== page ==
Secondly, let’s treat care for what it is – a continuous flowing process that starts on the day of admission to care and can last for many years into adulthood. “Care” isn’t defined by age or stage. The preparation for interdependence (which is what “independence” really is) must start on the first day in care. Children should be supported emotionally, practically, educationally and socially to be confident adults by their corporate parents. Those parents are a partnership between natural family where appropriate and every branch of local and national government and Society that will have an impact on the young person’s life.

The care leaving age should be at least 21. However, this cannot be simply more of the same care. Let’s build in real preparation for life whilst in care that engages the community. Let’s build in bespoke support for each young person that goes with them when they eventually choose to go into the community and may involve practical and financial support for further or higher education when the young person feels ready, and access to peer and professional support into adulthood as and when necessary.

The detail could be worked out by people much cleverer than me, but the underlying principle would be that the transition is an individual and elastic phenomenon based on individual need not an age or stage set by statute or convention. If we can achieve that, we have the roots of progress.

Let’s talk about transition by all means – but let’s be clear what we mean when we do.

You can find Ian on Twitter: @IDickson258

JOIN US FOR #CARECONVOS TO TALK ABOUT *SUPPORT DURING TRANSITIONS* THIS MONDAY 2nd dec 8PM! 

#CARE EXPERIENCED #FOSTER & #KINSHIP CARERS, #RESIDENTIAL CARE WORKERS, #EDUCATORS, #ADOPTOPTERS #ADOPTED #SOCIALWORKERS AND ALL PROFESSIONALS WORKING WITH YOUNG PEOPLE OR IN THE SYSTEM.

ALL WELCOME! WE’RE INTERESTED IN EVERYONE’S PERSPECTIVES. 

If there is anything about #CareConvos that affects you and you’d prefer to ask a question or make a point anonymously drop us an email at: rosie.canning@psy.ox.ac.uk and we’ll get back to you. #CareConvos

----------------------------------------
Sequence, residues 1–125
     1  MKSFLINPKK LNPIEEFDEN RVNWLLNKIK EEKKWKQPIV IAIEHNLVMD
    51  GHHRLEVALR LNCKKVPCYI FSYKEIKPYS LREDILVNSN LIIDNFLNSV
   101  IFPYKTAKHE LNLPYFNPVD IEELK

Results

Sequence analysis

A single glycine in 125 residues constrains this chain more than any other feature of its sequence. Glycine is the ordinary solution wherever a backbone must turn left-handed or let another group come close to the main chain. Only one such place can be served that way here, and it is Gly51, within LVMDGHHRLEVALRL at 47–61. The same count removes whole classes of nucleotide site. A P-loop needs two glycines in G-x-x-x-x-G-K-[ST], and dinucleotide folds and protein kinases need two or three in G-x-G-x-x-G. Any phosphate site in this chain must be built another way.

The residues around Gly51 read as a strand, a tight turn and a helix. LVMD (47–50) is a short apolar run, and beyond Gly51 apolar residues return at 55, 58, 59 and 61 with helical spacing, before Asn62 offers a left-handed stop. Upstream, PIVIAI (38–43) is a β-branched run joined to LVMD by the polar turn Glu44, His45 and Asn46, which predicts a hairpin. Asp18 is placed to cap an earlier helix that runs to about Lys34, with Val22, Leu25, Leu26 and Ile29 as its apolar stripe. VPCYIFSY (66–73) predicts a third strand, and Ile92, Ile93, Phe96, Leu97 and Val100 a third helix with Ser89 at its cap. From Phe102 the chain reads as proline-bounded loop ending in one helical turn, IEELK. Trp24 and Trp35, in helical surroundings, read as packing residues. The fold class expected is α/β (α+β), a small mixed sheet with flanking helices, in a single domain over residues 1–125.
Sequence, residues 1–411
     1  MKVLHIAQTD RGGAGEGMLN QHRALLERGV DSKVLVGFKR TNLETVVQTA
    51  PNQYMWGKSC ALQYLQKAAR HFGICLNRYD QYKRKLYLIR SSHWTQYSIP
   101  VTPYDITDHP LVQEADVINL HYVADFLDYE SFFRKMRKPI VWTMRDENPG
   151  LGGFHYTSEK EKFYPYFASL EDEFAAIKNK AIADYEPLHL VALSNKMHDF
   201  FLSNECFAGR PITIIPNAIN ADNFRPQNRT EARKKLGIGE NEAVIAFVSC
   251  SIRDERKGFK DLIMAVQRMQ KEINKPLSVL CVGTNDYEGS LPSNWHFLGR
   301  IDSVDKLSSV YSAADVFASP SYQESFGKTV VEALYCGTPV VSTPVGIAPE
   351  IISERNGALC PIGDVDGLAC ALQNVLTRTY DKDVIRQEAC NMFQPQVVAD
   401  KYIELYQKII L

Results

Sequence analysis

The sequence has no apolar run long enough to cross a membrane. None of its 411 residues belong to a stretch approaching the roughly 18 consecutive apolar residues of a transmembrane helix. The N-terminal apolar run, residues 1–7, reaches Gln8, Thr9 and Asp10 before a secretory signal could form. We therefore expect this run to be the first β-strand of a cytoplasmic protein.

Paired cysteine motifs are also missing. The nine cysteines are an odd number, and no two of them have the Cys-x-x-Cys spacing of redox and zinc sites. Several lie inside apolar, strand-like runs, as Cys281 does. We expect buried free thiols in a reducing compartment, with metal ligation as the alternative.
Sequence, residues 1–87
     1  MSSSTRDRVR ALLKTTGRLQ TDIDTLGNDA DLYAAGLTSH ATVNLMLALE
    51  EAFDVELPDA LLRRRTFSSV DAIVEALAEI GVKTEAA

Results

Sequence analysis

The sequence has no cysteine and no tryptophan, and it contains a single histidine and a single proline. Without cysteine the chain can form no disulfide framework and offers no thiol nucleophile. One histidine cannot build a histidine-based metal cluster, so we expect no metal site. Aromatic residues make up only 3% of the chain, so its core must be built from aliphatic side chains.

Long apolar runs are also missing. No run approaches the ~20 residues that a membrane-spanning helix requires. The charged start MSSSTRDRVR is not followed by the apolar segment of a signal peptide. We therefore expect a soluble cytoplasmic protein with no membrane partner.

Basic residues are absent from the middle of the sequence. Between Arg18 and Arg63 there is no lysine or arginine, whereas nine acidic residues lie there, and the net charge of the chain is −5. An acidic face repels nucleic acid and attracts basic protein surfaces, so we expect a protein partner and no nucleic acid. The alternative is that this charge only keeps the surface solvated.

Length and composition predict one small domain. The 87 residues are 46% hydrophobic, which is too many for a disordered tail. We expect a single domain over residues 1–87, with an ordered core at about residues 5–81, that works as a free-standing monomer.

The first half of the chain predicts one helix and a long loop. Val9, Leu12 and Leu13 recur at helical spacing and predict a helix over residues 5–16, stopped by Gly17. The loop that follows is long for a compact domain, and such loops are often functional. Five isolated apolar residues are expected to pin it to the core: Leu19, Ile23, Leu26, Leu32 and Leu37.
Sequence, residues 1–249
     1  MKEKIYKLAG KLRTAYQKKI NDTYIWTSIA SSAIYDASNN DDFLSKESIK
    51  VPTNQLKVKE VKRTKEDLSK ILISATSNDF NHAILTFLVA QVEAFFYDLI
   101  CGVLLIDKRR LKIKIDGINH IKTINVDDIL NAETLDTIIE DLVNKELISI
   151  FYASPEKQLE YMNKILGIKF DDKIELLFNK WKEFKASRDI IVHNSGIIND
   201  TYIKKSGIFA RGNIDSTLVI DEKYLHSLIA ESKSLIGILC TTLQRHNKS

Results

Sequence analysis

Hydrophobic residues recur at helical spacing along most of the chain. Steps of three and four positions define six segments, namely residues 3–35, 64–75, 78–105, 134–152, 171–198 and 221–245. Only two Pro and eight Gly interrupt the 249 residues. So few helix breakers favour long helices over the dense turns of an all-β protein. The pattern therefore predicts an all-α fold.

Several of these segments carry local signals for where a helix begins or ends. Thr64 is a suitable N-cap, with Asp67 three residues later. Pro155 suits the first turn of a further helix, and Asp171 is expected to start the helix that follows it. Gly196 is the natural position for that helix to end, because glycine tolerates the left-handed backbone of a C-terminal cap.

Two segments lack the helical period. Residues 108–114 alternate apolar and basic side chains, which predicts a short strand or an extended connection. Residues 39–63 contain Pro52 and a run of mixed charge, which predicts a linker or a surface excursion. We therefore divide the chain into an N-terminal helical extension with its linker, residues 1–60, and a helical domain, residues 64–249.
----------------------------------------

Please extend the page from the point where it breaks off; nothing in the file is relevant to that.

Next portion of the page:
The GDPR introduced a right for individuals to have personal data erased. The right to erasure is also known as ‘the right to be forgotten‘. Individuals can make a request for erasure verbally or in writing. If you want to delete any of your tweets in #CareConvos, you can do that yourself. If they appear on the website, just ask and we will remove them.

*Painting from an original by James Coates

Care Convos November

The next #CareConvos will be this MonDAY 4th Nov 2019, 8pm and the topic is… *RELATIONSHIPS*.

Some interesting reflections on relationships from academics with care experience:

ASSOCIATE PROFESSOR, JACQUELINE Z WILSON FROM FEDERATION UNIVERSITY AUSTRALIA

For me the most difficult relationships were during my days at school when I was aged between 5 and 12. I went to about 20 primary schools due to so many moves – foster care; resi care; salvation army care; orphanage style care; emergency hostel care, on the streets with no care, et cetera. I never experienced forming long term school friends or getting to know a geographical area. There are so many rites of passage that so many people take for granted that I didn’t do  – I don’t feel sad or anything, just different– the quintessential outsider. I lived on and off with my mother too, who was also constantly on the move due to pretty extreme domestic violence and drugs. To this day I struggle with the idea of families that have long established friendship groups and relations who shared xmas, and or birthdays, and even went on holidays together — the taken for granted ways of doing things that a lot of us didn’t experience. I went on camp as a child – but it was a camp that was designed for poor/at-risk kids and I was hand-picked from the school by teachers and told I was to attend –  so even camp was weird, and there I was again, with a group of complete strangers aged 10. After 14 days at camp I went back to my mother, then back into care and so on. My own children have brilliant long-term relationships and old school friends. They are in their mid to late 20s now and I watch how they live with their well-established networks and friendship groups they have known since primary school –  for me it is just so wonderful to see, but also a stark reminder of what might have been. The trick is to take that feeling and make it positive. It’s not always easy. Mostly it is Ok, but there are days when you can fall down.

RESEARCH ASSISTANT, ROSIE CANNING FROM UNIVERSITY OF OXFORD